Bank of America announced last week that it had completed a 300 page research report analyzing the future of AI and robotics in terms of its impact on industries, jobs and the economy as well as opportunities it will create. In line with many analysts and technology insiders it confirms that robots will replace many of the jobs in manufacturing. No one will argue with this conclusion. It is already happening and it is happening not only in the developed world but in the developing world where many of our manufacturing jobs moved a decade ago to take advantage of cheap labor. China is the largest buyer of robots in the world today. In my book, released a year ago, I argued that increasingly the barrier to adoption of robots was not a technogical one but a cost barrier. Once wages rose to a point where a robot can do the job cheaper then a person then we would see mass adoption of robots in that industry. This tipping point has already occurred in manufacturing and I believe, as I have argued for awhile, that we are close to seeing this same thing happen in the retail and restaurant space. I stand by my prediction that we will see a fully automated fast food restaurant within 3 years!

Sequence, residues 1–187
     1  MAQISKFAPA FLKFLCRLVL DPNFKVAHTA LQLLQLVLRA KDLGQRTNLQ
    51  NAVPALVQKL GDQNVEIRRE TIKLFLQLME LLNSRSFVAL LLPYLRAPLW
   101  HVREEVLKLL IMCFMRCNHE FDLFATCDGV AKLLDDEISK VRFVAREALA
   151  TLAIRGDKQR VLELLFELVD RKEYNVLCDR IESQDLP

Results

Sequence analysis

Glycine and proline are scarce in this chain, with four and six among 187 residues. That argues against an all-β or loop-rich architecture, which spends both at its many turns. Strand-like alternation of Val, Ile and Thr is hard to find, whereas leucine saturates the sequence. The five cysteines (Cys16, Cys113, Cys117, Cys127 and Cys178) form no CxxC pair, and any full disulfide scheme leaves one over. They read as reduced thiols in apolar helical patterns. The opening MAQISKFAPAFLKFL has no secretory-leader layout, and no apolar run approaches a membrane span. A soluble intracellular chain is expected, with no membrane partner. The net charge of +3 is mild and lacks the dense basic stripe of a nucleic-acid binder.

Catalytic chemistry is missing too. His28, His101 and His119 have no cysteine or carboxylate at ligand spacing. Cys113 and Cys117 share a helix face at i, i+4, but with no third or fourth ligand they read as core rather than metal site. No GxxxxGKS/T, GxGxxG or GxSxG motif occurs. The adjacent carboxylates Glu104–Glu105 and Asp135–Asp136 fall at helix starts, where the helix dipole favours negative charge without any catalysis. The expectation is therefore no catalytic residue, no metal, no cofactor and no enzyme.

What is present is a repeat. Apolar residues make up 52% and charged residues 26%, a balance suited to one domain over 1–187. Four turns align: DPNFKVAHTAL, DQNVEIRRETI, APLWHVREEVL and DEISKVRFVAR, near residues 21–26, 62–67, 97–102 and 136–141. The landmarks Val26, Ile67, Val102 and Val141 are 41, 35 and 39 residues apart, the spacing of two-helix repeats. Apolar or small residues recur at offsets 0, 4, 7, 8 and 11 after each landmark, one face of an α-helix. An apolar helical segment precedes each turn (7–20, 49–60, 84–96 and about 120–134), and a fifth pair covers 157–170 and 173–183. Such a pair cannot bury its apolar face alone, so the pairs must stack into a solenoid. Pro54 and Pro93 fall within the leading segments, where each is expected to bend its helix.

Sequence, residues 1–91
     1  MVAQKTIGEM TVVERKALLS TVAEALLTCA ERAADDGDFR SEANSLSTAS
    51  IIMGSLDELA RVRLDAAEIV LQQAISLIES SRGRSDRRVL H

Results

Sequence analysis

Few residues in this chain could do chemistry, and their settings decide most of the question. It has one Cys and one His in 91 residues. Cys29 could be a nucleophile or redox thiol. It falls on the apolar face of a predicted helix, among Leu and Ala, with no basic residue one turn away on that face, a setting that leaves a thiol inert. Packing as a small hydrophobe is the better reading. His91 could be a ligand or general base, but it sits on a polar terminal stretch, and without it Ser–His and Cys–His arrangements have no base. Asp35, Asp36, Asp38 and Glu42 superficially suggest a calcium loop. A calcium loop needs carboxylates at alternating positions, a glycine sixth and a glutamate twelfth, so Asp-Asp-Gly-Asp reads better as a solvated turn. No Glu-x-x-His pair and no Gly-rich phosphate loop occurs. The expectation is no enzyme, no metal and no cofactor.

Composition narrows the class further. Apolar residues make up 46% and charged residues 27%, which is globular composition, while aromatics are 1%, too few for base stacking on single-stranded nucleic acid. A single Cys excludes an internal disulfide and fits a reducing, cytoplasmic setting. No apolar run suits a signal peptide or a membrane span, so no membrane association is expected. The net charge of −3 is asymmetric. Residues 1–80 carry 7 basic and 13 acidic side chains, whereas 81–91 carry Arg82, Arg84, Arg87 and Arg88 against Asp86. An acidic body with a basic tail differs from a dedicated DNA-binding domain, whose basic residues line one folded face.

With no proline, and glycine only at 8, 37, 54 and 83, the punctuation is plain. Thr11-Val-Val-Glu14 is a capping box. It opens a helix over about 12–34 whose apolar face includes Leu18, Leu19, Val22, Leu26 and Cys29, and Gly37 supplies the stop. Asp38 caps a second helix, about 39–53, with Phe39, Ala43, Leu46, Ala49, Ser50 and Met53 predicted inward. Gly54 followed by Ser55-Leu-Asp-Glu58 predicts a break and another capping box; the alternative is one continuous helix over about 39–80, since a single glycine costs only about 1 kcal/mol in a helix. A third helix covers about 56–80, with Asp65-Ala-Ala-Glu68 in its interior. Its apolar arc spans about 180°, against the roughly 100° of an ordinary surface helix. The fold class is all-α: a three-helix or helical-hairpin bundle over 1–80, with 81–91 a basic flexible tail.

Where Bank of Americas report breaks new ground is in its conclusion that knowledge work will increasingly be done by machines and software. This was a central tenet of my book and it has been the hardest concept for people to get their heads around. BofA writes:
"The combination of AI, machine learning, deep learning, and natural user interfaces (such as voice recognition) are making it possible to automate many knowledge worker tasks that were long regarded as impossible or impractical for machines to perform."
In my book, and in my blogs, I have argued for awhile that AI will replace doctors and lawyers before replacing plumbers. Of course AI won't replace all doctors or all lawyers but it will replace many of them and it will replace them in a relatively short amount of time. Not decades but years.
I attempt in the last third of my book to outline the traits and skills necessary for knowledge workers to remain relevant in an "AI powered" world.